Sunday, August 22, 2010

More Special than Regular Meetings

I've mentioned before that for some reason, not discussed in council, there were only two regular council meetings this summer - one in July, one the first week in August. This assumes that nothing much happens in the summer, and also gives those who take summer holidays the chance to take those holidays without affecting their attendance record.

But this August we will have not one, but two special meetings, one tomorrow, the other the following Monday. You probably won't be aware of these; they weren't mentioned on the city page in yesterday's newspaper, even though the next meetings in September were. And that's my big problem with these so-called special meetings - they are very poorly publicized (notice on the city web page and on a bulletin board on the second floor of City Hall allows us to meet legal requirements, but not the ethical requirements of openness). They also aren't emergencies - often they're set to have the third vote on a issue that didn't receive unanimous approval for a third vote in a single meeting, often caused by me exercising my rights as a councillor for the opportunity for sober second thought before finally making a decision. Can these decisions wait until the next regular meeting, and be included in the agenda then? Of course, but this way, members of council are inconvenienced, and it looks like it's my fault for holding out for democracy.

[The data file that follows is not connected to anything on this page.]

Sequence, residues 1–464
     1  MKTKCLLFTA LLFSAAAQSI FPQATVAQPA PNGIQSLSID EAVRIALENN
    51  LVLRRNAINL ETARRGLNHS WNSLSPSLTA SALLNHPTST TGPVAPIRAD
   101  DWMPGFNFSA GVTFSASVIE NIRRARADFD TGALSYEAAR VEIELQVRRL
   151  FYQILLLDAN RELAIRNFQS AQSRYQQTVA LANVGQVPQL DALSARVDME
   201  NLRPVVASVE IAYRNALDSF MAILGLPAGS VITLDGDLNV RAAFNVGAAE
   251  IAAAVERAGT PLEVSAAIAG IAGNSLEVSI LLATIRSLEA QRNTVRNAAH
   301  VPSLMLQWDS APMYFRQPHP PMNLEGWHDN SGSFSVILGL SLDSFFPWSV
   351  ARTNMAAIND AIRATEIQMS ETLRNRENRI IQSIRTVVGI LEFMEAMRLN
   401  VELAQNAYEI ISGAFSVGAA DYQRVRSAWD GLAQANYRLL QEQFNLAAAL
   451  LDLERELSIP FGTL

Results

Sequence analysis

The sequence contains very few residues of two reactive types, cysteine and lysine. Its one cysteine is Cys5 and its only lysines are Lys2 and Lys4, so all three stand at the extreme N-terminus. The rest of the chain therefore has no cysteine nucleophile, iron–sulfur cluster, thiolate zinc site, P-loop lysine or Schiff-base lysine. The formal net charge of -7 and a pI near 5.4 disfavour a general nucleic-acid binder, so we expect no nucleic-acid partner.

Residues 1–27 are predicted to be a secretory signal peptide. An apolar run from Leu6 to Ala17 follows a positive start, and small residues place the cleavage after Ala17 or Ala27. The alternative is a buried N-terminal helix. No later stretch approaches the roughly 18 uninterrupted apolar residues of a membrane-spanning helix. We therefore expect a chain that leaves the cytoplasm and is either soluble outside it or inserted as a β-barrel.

This week's special meeting is to have third vote on changing the time of regular council meetings, from 7 p.m. to 5 p.m. I disagree with this move for a few reasons. My main one is that this makes meetings even less visible to the public. At 5 p.m. most people are leaving work, heading home, starting supper preparations. It's not usually a good time for sitting down and watching a council meeting on television, and you'd be surprised at the number of people who make a point of watching our goings-on regularly. And while we don't have a lot of members of the public who attend our meetings in person, this will make it more difficult for those who do. I know that some members of council would be quite happy not to give the public the opportunity to voice their opinions in the council chambers during public forum - this will make an already restrictive process even more so.

The change will also make it more difficult for members of council, both now and in the future, to attend meetings without affecting their other, full-time job. Being on council is supposed to be a part-time job, reflected by the fact that it doesn't pay a full-time salary. Moving the meetings means that those whose jobs have regular-type hours needn't bother to apply - you will have to take time off work to attend meetings. And not just every two weeks - the Committee of the Whole, in camera meeting, which currently is held a couple of hours before council, will be moved to the other week, before Executive Committee meetings, that have always started at 5 p.m. And there's the additional time required to clean up and put on a suit, as "business attire" is required for council meetings. Not a problem if you're in an office job, more of a problem if your job isn't one that requires a suit. Taking this extra time might not be a problem if you're in a job with flexible hours, or if you're the boss, or if you're retired, but most people don't have that sort of freedom to leave the job a few hours early, every week.